Skinny Fat, Lean Up Your Controllers - POST/PUT/DELETE Requests

Posts in this series:

This series looks at how to refactor a simple ASP.Net MVC web application, to produce skinny controllers that do no more than return data or hand off to a different part of the application.

UPDATE: 9-Nov-2017 I have removed the return value TResult from the code examples as I didn't need to return a value from the handler in this instance.

In the last post I refactored the queries in our GET requests into a repository and created read optimised tables for the queries to read from.

In this post we will be focusing on the Edit action of the Conference Controller and introduce the concept of a command for mutating state, and a handler to execute the command.

In the simplest of cases most controller actions that handle POST requests will do something like validate the request, if the request is invalid the validation errors would be returned to the client. If the request is valid then a model is loaded from a data source or created, properties are set then the model is saved back from whence it came. The controller may then redirect to a page in the site.

[HttpPost]
public ActionResult Edit(EditConference model)
{
    if (!ModelState.IsValid)
    {
        return View(model);
    }

    var conference = _repository.FindById(model.Id);

    conference.Name = model.Name;
    conference.Description = model.Description;
    conference.StartDate = model.StartDate.Value;
    conference.EndDate = model.EndDate.Value;

    _repository.Save(conference);

    return RedirectToAction("Details", new {model.Id});
}

A command is something that changes the state of the system. Commands are declarative in nature and modifications to the state should be idempotent. For example imagine the cruise control in your car, you wouldn't have an IncreaseSpeed command which adds x mph to the current speed as resending this command would continually change the speed of the car. A SetSpeed command which sets the speed of the car to the sent value could be resent.

The result of the command should be easily inferred from its name. If the date of a conference has to be moved we will want to issue a RescheduleConference command.

As a first step lets remove the ModelState.IsValid code from our actions. This can be done using an Action Filter.

public class ValidatorActionFilter : ActionFilterAttribute
{
    public override void OnActionExecuting(ActionExecutingContext filterContext)
    {
        if (filterContext.Controller.ViewData.ModelState.IsValid) return;

        filterContext.Result = new ViewResult
        {
            ViewName =$"~/Views{filterContext.RequestContext.HttpContext.Request.Path}.cshtml",
            ViewData = filterContext.Controller.ViewData
        };
    }
}

It sets the requests result as a view result using the relevant view and the invalid view data.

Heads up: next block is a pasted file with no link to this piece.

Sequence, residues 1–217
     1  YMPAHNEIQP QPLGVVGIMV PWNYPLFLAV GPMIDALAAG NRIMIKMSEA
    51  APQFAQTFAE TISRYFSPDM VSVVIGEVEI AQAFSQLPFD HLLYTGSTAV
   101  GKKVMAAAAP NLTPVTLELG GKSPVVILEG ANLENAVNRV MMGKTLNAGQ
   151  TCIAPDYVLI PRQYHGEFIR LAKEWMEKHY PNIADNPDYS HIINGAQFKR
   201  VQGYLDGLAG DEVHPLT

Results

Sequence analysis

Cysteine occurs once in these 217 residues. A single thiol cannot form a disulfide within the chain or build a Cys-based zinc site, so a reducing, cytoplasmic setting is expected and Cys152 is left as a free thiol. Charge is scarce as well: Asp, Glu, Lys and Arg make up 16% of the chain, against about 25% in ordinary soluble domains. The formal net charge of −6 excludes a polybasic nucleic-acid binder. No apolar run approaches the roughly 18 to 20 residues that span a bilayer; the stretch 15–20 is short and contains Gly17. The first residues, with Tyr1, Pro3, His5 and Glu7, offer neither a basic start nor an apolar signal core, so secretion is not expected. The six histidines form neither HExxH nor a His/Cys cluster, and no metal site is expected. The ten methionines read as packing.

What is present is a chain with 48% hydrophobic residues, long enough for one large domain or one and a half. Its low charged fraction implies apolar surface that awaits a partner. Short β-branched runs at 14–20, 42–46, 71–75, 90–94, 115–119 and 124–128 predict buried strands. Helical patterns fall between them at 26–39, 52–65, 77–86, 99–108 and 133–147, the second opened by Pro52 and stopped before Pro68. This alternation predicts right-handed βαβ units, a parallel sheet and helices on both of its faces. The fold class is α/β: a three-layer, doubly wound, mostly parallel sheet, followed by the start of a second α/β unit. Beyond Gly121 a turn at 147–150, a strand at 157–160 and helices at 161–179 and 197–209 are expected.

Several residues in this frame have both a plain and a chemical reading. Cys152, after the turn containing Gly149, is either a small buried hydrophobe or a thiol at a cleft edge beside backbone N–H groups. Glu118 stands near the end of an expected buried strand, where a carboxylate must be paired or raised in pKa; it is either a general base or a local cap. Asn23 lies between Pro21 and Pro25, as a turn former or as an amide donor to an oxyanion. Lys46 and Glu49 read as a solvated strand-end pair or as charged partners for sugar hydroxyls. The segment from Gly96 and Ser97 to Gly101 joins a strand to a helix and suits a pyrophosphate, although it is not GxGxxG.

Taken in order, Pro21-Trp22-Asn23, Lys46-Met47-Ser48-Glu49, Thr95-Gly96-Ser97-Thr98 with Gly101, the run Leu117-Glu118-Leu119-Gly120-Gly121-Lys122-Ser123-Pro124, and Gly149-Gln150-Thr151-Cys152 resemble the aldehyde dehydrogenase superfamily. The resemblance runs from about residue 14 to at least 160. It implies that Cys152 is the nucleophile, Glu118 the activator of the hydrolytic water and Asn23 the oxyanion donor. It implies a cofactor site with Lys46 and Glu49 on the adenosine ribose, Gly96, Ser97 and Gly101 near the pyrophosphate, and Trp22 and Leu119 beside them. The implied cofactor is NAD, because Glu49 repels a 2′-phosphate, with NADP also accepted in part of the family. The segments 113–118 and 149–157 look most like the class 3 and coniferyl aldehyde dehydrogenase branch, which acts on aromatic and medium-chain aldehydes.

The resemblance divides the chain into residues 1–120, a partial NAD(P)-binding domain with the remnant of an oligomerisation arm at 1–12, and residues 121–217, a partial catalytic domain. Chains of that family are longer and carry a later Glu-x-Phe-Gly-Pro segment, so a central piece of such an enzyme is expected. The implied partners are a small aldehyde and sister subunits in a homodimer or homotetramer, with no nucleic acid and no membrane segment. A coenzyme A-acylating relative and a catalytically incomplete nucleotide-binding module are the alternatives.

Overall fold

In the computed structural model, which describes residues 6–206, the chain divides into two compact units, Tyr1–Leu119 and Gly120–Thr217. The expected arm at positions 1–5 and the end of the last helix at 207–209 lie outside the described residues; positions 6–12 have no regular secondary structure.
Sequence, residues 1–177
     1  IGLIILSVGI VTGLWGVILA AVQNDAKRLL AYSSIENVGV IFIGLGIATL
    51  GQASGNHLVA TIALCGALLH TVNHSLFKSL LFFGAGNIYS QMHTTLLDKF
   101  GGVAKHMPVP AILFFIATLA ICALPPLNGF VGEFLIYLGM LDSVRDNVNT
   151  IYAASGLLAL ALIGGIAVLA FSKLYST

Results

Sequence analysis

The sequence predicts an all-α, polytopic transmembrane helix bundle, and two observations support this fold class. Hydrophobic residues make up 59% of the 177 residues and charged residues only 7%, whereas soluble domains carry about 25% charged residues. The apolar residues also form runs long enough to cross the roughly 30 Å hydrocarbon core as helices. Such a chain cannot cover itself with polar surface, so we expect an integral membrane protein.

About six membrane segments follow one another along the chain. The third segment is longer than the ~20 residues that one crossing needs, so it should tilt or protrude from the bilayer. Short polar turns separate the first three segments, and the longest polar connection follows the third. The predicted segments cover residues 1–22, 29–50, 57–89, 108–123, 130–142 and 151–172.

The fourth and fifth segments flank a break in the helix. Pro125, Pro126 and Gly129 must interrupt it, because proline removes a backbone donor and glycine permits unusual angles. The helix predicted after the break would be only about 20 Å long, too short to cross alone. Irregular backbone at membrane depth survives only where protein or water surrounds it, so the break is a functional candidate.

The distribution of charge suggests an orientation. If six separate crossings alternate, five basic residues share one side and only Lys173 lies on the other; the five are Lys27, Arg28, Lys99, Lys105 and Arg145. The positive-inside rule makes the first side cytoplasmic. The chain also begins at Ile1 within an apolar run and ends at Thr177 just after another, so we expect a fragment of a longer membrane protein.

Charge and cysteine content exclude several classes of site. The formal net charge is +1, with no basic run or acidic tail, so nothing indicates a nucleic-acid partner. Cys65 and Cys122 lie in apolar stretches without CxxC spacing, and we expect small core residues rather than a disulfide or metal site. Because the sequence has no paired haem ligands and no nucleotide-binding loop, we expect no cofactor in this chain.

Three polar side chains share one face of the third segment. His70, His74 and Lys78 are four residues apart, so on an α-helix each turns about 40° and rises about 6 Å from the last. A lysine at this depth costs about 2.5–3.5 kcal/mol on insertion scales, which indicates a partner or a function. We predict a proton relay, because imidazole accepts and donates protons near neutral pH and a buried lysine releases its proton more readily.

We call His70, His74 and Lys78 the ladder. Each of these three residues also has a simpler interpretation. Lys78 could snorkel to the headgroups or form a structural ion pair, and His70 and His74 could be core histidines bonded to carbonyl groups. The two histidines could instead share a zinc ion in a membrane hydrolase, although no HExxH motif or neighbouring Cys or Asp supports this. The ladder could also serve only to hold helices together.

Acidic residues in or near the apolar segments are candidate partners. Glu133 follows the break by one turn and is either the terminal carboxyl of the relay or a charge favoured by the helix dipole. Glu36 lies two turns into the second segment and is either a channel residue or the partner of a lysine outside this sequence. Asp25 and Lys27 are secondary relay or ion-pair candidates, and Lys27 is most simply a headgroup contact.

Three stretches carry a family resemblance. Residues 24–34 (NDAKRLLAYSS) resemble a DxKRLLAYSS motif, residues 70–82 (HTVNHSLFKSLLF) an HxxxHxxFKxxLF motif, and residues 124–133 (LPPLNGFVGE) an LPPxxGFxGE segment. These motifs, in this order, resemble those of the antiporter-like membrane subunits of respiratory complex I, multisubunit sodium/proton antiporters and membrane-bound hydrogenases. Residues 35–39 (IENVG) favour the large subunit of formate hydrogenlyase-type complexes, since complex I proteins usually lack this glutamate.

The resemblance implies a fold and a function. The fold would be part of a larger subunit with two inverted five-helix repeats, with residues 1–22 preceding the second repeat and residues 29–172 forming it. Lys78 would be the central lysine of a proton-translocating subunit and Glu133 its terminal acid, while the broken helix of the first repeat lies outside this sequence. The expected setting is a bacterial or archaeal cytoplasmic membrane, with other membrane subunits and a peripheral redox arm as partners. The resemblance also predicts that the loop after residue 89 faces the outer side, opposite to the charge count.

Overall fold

Now the validation code has been removed, the main chunk of our action code is what the handlers will be doing. Below is an example of what I want a handler to look like.

public class MyHandler
{
    public void Handle(MyCommand command)
    {
        // Do stuff here
    }
}

We can define the Handler and Command, like so.

public interface ICommandHandler<TCommand> where TCommand : ICommand
{
    public void Handle(TCommand command);
}

public interface ICommand{}

Using TResult allows a value to be returned to the controller from the handler, you may want to pass back a generated Id to redirect to a page or set a location header.

Using these interfaces our command handler will look like this.

public class RescheduleConference : ICommandHandler<RescheduleConference>
{
    public void Handle(RescheduleConference command)
    { 
        var conference = this.repository.FindById(command.Id);

        conference.StartDate = command.StartDate.Value;
        conference.EndDate = command.EndDate.Value;

        this.repository.Save(conference);
    }
}

And our command

public class RescheduleConference : ICommand
{
    public Guid Id { get; set; }
    public DateTime? StartDate { get; set; }
    public DateTime? EndDate { get; set; }
}

Now our controller action will look something like,

[HttpPut]
public ActionResult Reschedule(RescheduleConference command)
{
    this.commandHandler.Handle(command);
    return RedirectToAction("Details", new {command.Id});
}

Note I have made the action more declarative by renaming the method from a general Edit to Reschedule. If you have an publicly available API you may want to preserve the existing endpoint. You could do this by creating and calling multiple handlers.

In the next post we will look at updating the read model so everything is in sync and introducing some business logic to our entity.

-- Rich